Q: Who is your favorite artist?
A: Roberto Burle Marx. He was a painter, musician, sculptor, garden designer, and lifestyle artist. A great inspiration.
Q: What client request do you most dread?
A: Topiary. I won't do it.
Q: Who or what prompted you to go into landscape design?
A: Love of nature and being outdoors.
Q: How important are trends to your work?
A: Trends which reveal new technology and advancement of existing technology are worth paying attention to. Other than that I am for the timeless.
Q: Lawns — for or against?
A: Lawns have their place as spatial definers, play areas, and "soft terraces" for entertaining. They should not be used in an environment that is arid or semi-arid. They should be minimal and are generally a pain. I like to use other mowable or genetically low plants for the majority of an open expanse of a garden.
Q: Name one plant that you think should be more widely used.
A: Hemp for paper, etc?.
Q: Where do you go to watch people?
A: New York or any beach.
Q: Which architect, living or dead, would you most like to work with?
A: Architect, there are many of them. I'm sympathetic to the idea of architecture that expresses itself through the creation of appropriately illuminated spaces using natural light; spaces which reach out to and integrate the natural or exterior environment. Architecture that expresses and utilizes the most advanced technologies of the contemporary age or culture. Architecture that acknowledges man's impact on the great planet earth. Our home. That said the architect, poet, landscape architect, Luis Barragan, strived for all of the above. Simplicity to me is not boring but a goal.
Q: Which contemporary designer, in any field, do you find most interesting?
A: Calatrava's bridge designs are elegant and graceful. There are many others. My hat's off to any designer who wins the fight to create unique, personal, sensitive solutions to man's built environment.
Q: What is your favorite movie — for the scenery?
A: The Mission filmed at Foz Iguasu, or perhaps, yes Greystroke, I think it was ?that Tarzan movie. Any movie which highlights one of nature's incredible natural systems, forest, meadow, lake, sea, mountains, desert, jungle, etc?.
About Raymond Jungles:
Mr. Jungles worked in the landscape nursery trade as a student in high school in Ohio. Upon graduation he moved to Florida where he developed an interest in design and architecture and decided to pursue the degree of Landscape Architecture. One of his earliest influences was the Mexican master Luis Barragan.
Raymond later became acquainted with the work of the great Roberto Burle Marx through the Tropical Gardens of Roberto Burle Marx, as a student at the University of Florida. Mr. Marx came to lecture there in 1979, they met, and a friendship/mentorship later ensued.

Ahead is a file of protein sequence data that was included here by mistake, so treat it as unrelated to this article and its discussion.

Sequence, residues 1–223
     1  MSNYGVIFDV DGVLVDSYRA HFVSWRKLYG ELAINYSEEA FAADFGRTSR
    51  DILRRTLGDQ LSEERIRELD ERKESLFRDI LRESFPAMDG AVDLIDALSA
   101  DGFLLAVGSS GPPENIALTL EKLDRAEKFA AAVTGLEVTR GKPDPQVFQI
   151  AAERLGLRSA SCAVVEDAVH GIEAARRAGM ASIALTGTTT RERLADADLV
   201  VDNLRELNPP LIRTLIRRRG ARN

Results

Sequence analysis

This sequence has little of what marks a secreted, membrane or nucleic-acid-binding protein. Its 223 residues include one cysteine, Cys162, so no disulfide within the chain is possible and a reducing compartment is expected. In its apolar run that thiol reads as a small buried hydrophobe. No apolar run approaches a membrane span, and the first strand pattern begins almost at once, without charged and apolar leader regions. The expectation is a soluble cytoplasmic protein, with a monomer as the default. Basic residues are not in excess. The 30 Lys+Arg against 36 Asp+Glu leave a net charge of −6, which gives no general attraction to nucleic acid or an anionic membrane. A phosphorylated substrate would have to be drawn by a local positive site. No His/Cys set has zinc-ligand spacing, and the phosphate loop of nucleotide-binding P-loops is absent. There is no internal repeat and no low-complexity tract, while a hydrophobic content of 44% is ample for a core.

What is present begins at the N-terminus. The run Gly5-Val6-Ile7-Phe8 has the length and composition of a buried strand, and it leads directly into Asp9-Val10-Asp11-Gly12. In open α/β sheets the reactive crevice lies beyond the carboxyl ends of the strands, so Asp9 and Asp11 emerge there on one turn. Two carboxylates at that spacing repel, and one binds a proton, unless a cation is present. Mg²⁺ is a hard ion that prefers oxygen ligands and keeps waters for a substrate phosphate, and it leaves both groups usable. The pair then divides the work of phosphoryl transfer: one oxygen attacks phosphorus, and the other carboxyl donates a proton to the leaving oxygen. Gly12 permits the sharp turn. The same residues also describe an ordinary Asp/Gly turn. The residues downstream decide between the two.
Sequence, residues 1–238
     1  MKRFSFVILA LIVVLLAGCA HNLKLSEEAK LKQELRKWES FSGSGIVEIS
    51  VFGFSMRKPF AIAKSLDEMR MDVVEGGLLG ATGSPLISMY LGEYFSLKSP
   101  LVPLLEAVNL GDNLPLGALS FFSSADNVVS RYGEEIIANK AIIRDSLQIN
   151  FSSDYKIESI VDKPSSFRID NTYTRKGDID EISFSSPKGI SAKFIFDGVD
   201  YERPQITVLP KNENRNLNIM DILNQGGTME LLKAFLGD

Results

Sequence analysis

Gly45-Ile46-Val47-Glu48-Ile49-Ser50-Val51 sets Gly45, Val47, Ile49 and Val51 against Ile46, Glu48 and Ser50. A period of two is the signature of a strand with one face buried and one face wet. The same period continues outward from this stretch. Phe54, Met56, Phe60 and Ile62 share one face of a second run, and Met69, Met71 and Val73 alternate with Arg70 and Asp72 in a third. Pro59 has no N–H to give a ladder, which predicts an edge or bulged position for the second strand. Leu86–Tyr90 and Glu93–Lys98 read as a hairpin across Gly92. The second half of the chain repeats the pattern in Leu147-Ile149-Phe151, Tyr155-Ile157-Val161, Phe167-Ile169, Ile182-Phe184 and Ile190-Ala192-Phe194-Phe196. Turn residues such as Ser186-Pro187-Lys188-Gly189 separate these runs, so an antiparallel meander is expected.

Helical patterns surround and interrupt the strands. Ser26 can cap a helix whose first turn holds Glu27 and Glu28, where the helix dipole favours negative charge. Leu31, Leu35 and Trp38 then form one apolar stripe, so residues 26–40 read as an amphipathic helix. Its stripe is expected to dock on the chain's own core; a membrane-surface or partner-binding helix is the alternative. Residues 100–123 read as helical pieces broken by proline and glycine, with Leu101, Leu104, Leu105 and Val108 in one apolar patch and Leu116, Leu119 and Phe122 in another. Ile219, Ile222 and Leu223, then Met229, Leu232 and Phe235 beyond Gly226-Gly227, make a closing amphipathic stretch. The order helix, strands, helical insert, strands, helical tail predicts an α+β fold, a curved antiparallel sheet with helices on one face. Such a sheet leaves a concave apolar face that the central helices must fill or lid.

Raymond graduated from the University of Florida with high honors in 1981 and began his own design/build practice, and he founded Raymond Jungles, Incorporated in 1983. Raymond credits Burle Marx with generally imparting much insight and inspiration while reviewing plans and visiting his gardens in Miami. Mr. Marx opened his own estate to Raymond, and led him through many of his projects throughout Brazil. Burle Marx, honored Raymond by asking him to design and construct the columnar bromeliad sculpture, which appeared in his Museum of Modern Art, exhibition in New York.
Mr. Jungles primarily designs private gardens, residential in nature, but has worked on numerous communities and resort hotels. Most of his work is in Florida and the Caribbean region. He currently has projects in the design or construction phase in Florida, Antigua, Grenada and Panama. Botanical gardens are a favorite of Mr. Jungles, who has done much work at Fairchild Tropical Gardens in Miami, and recently completed the master plan for the Key West Botanical Garden.
He frequently lectures at garden and plant society functions, and has twice been selected as a member of the Design Awards Jury for the Broward County, Florida, American Institute of Architects society. Mr. Jungles has won seventeen Design Awards from the American Society of Landscape Architects, in which ten of them were for the Award of Excellence. The University of Florida named him its Most Distinguished Alumni in 2000. His Florida peers have nominated him for Fellowship in the American Society of Landscape Architects in 2002 and 2003. The Miami Chapter of the American Institute of Architects recently honored him as the Landscape Architect of the year.
Projects by Mr. Jungles have been featured in over fifteen books. Profiles of him have appeared on the front cover in the New York Times, Thursday Design section, Garden Design Journal, Traditional Homes magazine and Southern Accents magazine, as well as more than 26 national and international publications.
More information can be can be found by visiting his website at raymondjungles.com.